Frances Woolley sets out to consider the efficiencies of vote-swapping and ends up considering the nature of our democracy.
The question is the wrong one to ask. If Party A wins three seats, then it can pursue policies that benefit people who do (or potentially might) vote for party A. If parties A, B and C win one seat each, they will pursue policies that benefit a different set of electors, not just those who vote for party A. But will a coalition government pursue policies that benefit a broader section of the electorate?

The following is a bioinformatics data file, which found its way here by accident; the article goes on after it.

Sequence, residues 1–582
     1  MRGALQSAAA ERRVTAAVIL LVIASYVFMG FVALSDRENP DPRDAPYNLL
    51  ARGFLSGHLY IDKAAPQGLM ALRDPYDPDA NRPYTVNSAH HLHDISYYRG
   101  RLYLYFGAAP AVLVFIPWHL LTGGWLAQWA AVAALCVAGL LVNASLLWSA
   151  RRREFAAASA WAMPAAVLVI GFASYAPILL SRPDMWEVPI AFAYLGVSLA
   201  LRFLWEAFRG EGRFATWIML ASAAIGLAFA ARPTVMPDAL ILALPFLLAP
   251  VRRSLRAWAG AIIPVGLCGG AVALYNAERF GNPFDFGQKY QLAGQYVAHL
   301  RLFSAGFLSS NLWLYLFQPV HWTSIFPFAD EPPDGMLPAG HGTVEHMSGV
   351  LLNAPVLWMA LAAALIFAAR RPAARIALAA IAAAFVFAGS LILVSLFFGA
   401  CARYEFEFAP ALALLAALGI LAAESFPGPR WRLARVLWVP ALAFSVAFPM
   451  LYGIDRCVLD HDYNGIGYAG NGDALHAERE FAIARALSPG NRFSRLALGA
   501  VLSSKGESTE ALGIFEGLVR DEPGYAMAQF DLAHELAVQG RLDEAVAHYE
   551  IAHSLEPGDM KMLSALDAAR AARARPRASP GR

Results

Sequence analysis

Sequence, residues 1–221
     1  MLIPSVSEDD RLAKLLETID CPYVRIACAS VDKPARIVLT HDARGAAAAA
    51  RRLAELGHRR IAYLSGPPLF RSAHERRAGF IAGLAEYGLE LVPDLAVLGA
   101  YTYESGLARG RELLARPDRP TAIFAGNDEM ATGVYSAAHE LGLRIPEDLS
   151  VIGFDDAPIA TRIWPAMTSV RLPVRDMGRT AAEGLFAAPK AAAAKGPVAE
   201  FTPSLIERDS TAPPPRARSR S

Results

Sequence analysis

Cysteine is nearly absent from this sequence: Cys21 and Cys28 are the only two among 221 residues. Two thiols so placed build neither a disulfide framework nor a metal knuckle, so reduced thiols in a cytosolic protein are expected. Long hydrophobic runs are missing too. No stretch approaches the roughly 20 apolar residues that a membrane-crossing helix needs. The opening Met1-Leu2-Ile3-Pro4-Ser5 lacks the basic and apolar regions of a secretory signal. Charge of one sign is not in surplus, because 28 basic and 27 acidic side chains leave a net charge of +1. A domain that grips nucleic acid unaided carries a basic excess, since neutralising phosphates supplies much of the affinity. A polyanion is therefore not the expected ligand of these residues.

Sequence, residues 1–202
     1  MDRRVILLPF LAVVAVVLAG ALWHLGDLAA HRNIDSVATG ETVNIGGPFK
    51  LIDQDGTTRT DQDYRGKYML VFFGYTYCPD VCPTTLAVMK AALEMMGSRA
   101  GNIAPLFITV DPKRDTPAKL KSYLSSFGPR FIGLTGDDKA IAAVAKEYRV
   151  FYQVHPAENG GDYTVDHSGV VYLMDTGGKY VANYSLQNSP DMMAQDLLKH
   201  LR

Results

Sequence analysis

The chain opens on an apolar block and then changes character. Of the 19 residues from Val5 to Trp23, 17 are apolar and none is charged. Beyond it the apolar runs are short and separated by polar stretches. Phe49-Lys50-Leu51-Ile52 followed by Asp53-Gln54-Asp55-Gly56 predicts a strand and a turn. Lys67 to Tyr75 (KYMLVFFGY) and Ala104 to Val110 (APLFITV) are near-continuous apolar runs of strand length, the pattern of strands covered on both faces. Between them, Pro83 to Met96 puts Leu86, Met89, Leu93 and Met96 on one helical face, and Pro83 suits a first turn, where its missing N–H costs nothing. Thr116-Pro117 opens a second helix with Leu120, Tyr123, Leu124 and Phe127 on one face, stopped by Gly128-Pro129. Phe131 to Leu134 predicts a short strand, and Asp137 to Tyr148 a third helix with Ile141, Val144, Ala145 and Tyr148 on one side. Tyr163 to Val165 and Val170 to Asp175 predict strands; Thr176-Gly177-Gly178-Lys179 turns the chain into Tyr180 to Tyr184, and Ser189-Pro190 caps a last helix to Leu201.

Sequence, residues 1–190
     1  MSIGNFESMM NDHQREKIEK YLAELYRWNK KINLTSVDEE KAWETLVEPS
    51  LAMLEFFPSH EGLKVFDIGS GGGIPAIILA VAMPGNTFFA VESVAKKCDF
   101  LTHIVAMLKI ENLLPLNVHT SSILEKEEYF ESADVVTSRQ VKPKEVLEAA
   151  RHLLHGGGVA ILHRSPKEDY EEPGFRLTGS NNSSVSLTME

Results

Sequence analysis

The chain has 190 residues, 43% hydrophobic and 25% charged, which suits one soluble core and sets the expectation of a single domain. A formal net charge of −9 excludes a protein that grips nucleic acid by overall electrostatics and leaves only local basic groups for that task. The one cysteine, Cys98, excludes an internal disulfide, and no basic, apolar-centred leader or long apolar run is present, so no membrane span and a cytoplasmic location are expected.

It’s not obvious. It all depends what happens at the coalition stage, when different parties are attempting to form governments. An interesting working paper by Amedeo Piolatto argues that, in certain circumstances, the power wielded by small parties in the coalition formation process can cause proportional representation systems to lead to political outcomes that are less representative of the interests of the broader population than first past the post type systems.